Surrounded by her peers, Darleen Murry smiled while making an attempt to remove a block from a stacked tower. As she slid the block, the tower began to fall.
“I learned that when you play that game, you mess up because some people get in your head which is a really bad thing,” Murry said while played Jenga, a game of skills.
She is one of many students enjoying a youth summer program hosted by The Friendly Trio Community Development Corporation. Agents from Sampson County and Duplin County Cooperative Extension are helping with educational lessons for the sessions scheduled to continue through August. Some of them involve health, nutrition, self-esteem and gardening.
Denise M. McIntyre, extension 4-H program assistant, led the Jenga game, which was used to teach the purpose of being focused in life. At the Sampson County Center for Cooperative Extension, she also educates youths through substance abuse prevention and interpersonal skills building. During the program, McIntyre will work with the participants on noticing things or people who are becoming distractions to personal goals.
“I think that it’s very important that kids learn at a young age to balance their time with friends, family and school while limiting their distractions from outside sources such as social media, TV, movies and other peer groups,” McIntyre said.
This summers marks the first time, The Friendly Trio Community Development Corporation has worked with youths through its 3FK (Friendly Feeding For Kids) initiative. Under the leadership of President Charles Strickland, the organization began with a mission to provide food and nutritional services to senior citizens.
“Our long-range goal is to prepare these kids for another step in life,” Strickland said. “This is what it takes.”
Gail Grantham, chair of the summer program, said volunteers wanted to continue their mission by doing more special things for the community. One way to accomplish that goal was through a feeding program for local children and teens. An average of 30 students participate each week.
“We have people who aren’t feed and have needs that we’re not aware of,” Grantham said while stressing the importance of the program. “We just wanted to help meet those needs during the summer.”
Volunteers went from door to door and talked with people from local churches to spread awareness and get participants.
“We hope to grow in many areas,” Grantham said. “This is just another area where we can help our community and reach out.”
Fresh fruit and vegetables are served on Thursdays. With the program being held Monday through Thursday, youths take home food for a nutritious meal during the weekend. One bag of food contains three breakfast meals, six snacks and three dinners for Friday, Saturday and Sunday.
Lethia Lee, a program assistant for Cooperative Extension Expanded Food and Nutrition Education Program, is working with parents on nutrition and the importance of eating healthy foods. She believes it good for parents and children to receive the same information.
“That way neither one will have to convince the other,” Lee said. “I am so appreciative of this opportunity to teach these life lessons to a group of adults that are so interested in learning. I feel they will take something away from the lessons that will help them become more healthy.”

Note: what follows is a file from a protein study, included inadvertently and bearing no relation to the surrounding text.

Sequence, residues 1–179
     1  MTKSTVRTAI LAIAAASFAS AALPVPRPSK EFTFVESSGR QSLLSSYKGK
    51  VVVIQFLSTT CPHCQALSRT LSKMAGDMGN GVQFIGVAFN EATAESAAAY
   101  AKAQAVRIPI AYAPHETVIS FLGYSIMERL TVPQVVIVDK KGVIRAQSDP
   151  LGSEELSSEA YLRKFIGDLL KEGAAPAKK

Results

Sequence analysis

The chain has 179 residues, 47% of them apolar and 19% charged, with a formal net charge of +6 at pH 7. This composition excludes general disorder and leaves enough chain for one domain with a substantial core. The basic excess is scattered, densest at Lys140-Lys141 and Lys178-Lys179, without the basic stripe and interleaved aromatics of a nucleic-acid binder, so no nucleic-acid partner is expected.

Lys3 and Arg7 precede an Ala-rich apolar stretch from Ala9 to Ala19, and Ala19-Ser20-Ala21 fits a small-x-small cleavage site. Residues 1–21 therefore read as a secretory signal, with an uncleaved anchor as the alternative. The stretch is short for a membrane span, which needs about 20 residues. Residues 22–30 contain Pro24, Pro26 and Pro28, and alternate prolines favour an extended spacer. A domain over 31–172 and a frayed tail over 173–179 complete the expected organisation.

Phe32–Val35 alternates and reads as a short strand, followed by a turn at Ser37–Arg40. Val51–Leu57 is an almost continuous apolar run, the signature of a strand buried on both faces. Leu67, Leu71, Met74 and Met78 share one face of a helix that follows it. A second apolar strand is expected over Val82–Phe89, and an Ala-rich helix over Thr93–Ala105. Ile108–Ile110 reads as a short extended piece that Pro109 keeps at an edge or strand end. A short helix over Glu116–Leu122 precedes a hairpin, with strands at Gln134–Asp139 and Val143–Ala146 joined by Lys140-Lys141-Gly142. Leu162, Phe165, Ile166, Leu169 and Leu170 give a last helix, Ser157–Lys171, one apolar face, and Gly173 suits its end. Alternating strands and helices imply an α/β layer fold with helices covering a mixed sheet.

During the summer, Horticulture Agent Brad Hardison plans to teach the youths about making upside down tomato plants out of empty 2-liter bottles and clothes hangers. Master Gardeners are also scheduled to visit.
Physical activity is being taught by Janetta Matthews, an agent for SNAP-Ed (Supplemental Nutrition Assistance Program – Education). The lessons are being taught through the C.A.T.C.H. (Coordinated Approach To Child Health) Kids Club, a program associated with North Carolina State University.
“I think programs as such are important to educate youth about nutrition because it’s the foundation of preventive measures,” Matthews said. “Educating participants early helps prepare them for an open mindset for healthy living. The earlier you start to educate your participants the better it will be for them to embrace change towards healthy living.”
Sydney Johnson, area agent for Family and Consumer Sciences, was contacted about making the food stretch during the week and got her colleagues involved too.
“Through all of these resources provided by Extension, the children are learning how to live a healthy lifestyle through making healthier food choices, exercising daily, staying away from drugs and alcohol and even growing their own food,” Johnson said. “We are so thankful to be a resource for the Friendly Trio’s amazing efforts in feeding Sampson County’s children.”
In addition to Cooperative Extension, the program is receiving assistance from Second Harvest Food Bank, Clinton City Schools, The Church of Jesus Christ of Latter-day Saints, United Way of Sampson County and other sponsors. Strickland appreciates the support. It began more than a decade ago to help seniors. Residents in Butler Court was one of the first groups served.
“This is our goal,” Strickland said. “We know that we’ll never eradicate hunger, but we’ll do our best.”
In 2017, the program’s goal is to provide 280 food bags each month and provide hot meals to 100 people. In addition to monthly efforts, Friendly Trio also helps during countywide emergencies. More than 7 hot meals were provided to elderly and disabled residents during the aftermath of Hurricane Matthew in October 2016.
“We would love for everyone to help us out,” Grantham said. “We’re looking for volunteers and for people who are in need.”